Honestly, I think the first year can be awful on a lot of marriages, and a lot of guys seem to engage more with the kids when they start walking/talking. I do think you need to sort it now, though. Or you'll start a system for life.

Ragwort Thu 18-Jul-13 13:22:46

Just read your post at 13.14 - it does sound as though your DH is not being at all supportive, does he not enjoy spending time with the baby? What happens if you want to go out on your own and leave the baby with him?

Thinking back to when my DS was born my DH just loved spending time with him, we are both early risers but even so DH would get DS up, take him out for a walk, play with him etc etc.

Ragwort Thu 18-Jul-13 13:20:00

I agree that you need to find a balance that suits You and your situation not worry about what everyone else does.

I have been a SAHM ever since I had my DS (& actually for various reasons I wasn't in paid employment for about a year before that) - I tend to do most of the housework - it takes me less than 30 mins a day; cooking takes another 30 or so minutes. I get plently of breaks away from my DS and always have done since he was born, DH loves having time to himself with DS.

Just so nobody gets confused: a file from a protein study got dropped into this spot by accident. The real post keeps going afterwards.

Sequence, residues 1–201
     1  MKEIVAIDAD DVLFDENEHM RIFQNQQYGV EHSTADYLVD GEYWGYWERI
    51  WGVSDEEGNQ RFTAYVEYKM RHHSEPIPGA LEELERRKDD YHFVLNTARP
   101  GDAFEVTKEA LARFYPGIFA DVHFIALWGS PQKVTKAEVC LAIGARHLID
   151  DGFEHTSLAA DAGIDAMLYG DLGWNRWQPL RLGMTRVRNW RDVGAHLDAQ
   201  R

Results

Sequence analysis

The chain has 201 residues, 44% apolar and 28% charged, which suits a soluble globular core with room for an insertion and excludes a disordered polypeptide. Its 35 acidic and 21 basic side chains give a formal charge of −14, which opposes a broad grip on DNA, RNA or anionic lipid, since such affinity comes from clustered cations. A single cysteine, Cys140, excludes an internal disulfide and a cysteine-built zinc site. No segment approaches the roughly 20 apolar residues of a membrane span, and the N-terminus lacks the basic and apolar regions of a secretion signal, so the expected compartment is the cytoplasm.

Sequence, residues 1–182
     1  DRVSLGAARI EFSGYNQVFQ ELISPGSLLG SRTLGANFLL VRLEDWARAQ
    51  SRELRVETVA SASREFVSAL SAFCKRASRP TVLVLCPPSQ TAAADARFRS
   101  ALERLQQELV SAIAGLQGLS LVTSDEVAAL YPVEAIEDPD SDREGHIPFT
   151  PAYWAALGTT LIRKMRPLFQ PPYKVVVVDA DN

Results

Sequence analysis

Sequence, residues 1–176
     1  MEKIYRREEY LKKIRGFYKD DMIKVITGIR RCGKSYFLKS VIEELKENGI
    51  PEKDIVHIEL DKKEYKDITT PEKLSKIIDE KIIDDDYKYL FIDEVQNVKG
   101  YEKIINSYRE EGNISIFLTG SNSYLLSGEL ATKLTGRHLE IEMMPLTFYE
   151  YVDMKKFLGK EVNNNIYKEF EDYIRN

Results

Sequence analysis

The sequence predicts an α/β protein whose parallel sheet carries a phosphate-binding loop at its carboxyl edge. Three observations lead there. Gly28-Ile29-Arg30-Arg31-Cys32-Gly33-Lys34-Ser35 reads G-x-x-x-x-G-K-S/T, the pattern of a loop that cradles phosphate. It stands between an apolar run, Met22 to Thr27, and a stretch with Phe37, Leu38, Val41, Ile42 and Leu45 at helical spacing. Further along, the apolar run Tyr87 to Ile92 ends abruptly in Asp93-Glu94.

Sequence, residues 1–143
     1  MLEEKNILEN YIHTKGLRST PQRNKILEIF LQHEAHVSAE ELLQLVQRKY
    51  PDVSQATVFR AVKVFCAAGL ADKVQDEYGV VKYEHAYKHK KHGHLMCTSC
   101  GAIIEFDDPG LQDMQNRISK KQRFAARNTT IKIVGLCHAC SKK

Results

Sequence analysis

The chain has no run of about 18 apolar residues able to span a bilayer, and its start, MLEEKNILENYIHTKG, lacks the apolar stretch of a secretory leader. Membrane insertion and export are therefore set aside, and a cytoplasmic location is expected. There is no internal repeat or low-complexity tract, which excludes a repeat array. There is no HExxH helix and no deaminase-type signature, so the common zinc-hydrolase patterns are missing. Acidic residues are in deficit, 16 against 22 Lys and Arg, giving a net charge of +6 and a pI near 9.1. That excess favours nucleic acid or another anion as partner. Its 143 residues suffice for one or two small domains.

I personally believe I have a much, much easier lifestyle than my DH - today I am lazing about it the garden most of the time smile. Even when my DS was a baby I still felt I had a really easy time however, I am not you, you need to decide what you feel is 'fair and equitable'.

My DH has never been the sort of person to leave dirty washing on the floor or 'expect' his shirts to be ironed etc. I expect I would think differently if he was that sort of man.

newmumsuchfun Thu 18-Jul-13 13:14:56

Week days I feel fine about our arrangement as he is working and i can understand he needs his sleep and works hard all day. FINE.

What i have a problem with is the weekends.. When he will continue to do nothing at all BECAUSE it is his time off. Even if he has 3 days off. Nothing. No house work. Nothing. Sleeps in very very late and sometimes naps late afternoon. And not much with the baby. I am up at 5 or 6am every day. I never ever get a day off.

perfectstorm Thu 18-Jul-13 13:13:33